Trauma does create post-traumatic stress, but it also can lead to extraordinary personal growth. On today’s Facebook Live, Heidi and I explored this idea with Dr. Richard Tedeschi, a professor of psychology at the University of North Carolina at Charlotte. He is also a licensed psychologist and helped originate the concept of post-traumatic growth (PTG), publishing many academic books and articles on the subject.
All of us go through trauma in our lives to varying degrees. It can be the loss of a loved one, a life-threatening illness, injury, or other issue that puts us in a place where we struggle. The last few months have presented extraordinary challenges to working through trauma due to the elevated anxiety, stress, loss, and concern over both the coronavirus and other world events.
The Aftermath of Trauma
However, there is hope that you can move past the struggle with trauma and come out with greater meaning and purpose that then leads to personal growth. Think of it as a continual process because it may take years to progress. There needs to be understanding and change as you reconstruct yourself, your world, and your life.
Creating Post-Traumatic Growth
It can be daunting to want to move in and through the struggle and challenges. Yet, it’s important to do so in order to crate that personal growth. To address the stress and struggle, you can turn to calming strategies like meditation, yoga, and walking. You can also reach out t o those expert supporter who are there to provide coping mechanisms for you. This expert support can be anyone from friends and family to those in support groups.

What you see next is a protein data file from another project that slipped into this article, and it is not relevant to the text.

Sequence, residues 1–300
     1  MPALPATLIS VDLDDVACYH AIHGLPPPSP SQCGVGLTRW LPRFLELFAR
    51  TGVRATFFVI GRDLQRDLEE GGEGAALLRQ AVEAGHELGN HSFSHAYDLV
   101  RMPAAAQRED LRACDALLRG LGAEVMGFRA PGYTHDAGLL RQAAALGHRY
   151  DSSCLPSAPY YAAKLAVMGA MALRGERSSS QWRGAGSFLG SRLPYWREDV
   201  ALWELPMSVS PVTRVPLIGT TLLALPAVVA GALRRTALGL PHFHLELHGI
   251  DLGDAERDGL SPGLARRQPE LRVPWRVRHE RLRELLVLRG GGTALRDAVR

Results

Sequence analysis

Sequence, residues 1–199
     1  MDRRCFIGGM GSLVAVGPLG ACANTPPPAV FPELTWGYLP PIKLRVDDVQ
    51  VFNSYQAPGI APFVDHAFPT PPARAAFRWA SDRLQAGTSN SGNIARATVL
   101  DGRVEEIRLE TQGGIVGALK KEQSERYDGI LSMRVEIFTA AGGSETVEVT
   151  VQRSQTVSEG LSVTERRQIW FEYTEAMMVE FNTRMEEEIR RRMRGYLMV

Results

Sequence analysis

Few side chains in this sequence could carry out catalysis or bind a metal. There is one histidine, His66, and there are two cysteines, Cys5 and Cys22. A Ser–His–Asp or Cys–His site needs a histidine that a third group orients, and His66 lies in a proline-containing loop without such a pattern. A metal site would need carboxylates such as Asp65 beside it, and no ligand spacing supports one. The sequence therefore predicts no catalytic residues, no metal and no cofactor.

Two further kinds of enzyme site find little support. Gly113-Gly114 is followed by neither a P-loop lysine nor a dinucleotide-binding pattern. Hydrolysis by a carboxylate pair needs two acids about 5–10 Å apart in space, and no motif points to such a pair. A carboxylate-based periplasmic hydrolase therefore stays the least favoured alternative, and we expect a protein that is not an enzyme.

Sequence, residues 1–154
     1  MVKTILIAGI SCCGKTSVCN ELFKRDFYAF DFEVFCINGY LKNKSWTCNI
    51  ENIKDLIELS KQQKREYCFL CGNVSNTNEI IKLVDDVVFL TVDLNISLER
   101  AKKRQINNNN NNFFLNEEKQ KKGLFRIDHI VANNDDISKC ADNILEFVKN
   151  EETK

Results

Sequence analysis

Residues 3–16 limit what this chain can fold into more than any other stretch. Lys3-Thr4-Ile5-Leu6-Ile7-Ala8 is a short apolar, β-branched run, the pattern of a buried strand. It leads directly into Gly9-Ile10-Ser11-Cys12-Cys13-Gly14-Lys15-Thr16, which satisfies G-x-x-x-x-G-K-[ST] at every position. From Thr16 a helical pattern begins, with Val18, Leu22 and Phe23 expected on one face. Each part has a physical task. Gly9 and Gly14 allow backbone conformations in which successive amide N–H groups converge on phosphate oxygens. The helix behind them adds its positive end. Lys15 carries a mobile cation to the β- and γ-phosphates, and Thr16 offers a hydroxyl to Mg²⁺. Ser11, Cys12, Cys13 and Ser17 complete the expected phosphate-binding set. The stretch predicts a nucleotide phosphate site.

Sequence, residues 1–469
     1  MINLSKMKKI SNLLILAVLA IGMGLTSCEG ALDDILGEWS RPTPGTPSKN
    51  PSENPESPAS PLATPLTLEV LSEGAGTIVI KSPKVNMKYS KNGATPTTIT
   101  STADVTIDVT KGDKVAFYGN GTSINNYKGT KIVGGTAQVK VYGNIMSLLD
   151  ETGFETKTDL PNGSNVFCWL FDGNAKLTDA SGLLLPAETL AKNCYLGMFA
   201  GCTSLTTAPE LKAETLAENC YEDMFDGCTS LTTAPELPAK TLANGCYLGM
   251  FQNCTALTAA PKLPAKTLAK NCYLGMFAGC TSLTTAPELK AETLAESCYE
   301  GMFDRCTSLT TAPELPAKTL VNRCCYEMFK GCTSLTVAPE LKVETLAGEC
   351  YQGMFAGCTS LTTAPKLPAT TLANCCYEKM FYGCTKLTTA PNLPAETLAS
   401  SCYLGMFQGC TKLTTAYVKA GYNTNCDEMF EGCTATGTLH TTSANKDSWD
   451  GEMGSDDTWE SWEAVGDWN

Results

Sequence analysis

Focus on the reason and meaning for continuing. This purpose includes what you still have t love for and how what you are doing can positively impact someone with a similar struggle. Others can benefit from the resiliency you develop or the best practices you’ve developed by reaching back to the trauma to understand what you used to move forward.
Watch the Facebook Live discussion on personal growth and trauma below:
Posted by Open to Hope Foundation on Monday, June 8, 2020